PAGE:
Have you paid an Admission of Guilt fine in a criminal matter, mistakenly believing that the matter has been resolved without you needing to appear in Criminal Court and that you have avoided getting a criminal record?

Be aware that when you sign and pay an Admission of Guilt fine, you will have a criminal record!

An Admission of Guilt fine can be set aside if you mistakenly or erroneously sign and pay it.

In terms of Section 57(7) of the Criminal Procedure Act, Act 51 of 1977, an admission of guilt fine (“AOG”) may be set aside if there where irregularities during the administration thereof.

The most common irregularity is that the police official or prosecutor neglects to explain the procedure and aftermath of the paying of an AOG fine.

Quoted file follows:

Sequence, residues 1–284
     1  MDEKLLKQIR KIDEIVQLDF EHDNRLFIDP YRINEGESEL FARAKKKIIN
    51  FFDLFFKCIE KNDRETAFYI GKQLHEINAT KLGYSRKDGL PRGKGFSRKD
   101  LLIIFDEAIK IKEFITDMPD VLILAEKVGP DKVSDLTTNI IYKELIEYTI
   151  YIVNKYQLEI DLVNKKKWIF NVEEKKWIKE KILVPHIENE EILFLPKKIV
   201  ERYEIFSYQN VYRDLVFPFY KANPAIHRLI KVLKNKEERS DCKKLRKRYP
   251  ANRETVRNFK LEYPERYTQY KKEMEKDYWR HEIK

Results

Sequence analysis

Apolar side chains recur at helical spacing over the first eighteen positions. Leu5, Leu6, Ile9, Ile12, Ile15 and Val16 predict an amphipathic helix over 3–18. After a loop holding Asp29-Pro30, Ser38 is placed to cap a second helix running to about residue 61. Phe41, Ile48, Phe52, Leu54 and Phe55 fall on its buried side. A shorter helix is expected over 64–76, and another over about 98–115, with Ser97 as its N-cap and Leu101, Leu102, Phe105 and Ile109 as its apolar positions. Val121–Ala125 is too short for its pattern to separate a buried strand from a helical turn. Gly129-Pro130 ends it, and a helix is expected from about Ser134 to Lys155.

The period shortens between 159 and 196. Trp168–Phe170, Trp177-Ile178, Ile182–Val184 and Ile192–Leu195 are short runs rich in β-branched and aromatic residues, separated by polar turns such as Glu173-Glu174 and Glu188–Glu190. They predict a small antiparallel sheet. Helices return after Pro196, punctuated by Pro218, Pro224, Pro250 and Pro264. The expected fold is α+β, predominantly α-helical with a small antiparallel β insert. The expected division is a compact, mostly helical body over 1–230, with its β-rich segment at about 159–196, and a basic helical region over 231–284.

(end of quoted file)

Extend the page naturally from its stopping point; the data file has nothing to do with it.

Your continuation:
This then results in the Accused thinking that they were either released on bail, as it was in the case of S v Tong , or that the matter has been resolved as they have paid a fine.

In order to set aside the AOG, an Application must be filed with the Court within the jurisdiction of the offence. The Application must provide sufficient case law to substantiate why the AOG fine should be set aside and accompanied by the Accused’s affidavit detailing the events that led up to the arrest.

When determining whether the conviction should be set aside, the following guidelines and principles as set out in S v Cedras , must be taken into account:
1. Are there considerations of equity and fair dealing which compel the Court to intervene to prevent a probable failure of justice;
2. The Accused must show good cause for mistakenly or erroneously admitting guilt;
3. The Accused must show that were the charges to go to trial, he would have a good probable arguable defence.

ADMISSION OF GUILT FINES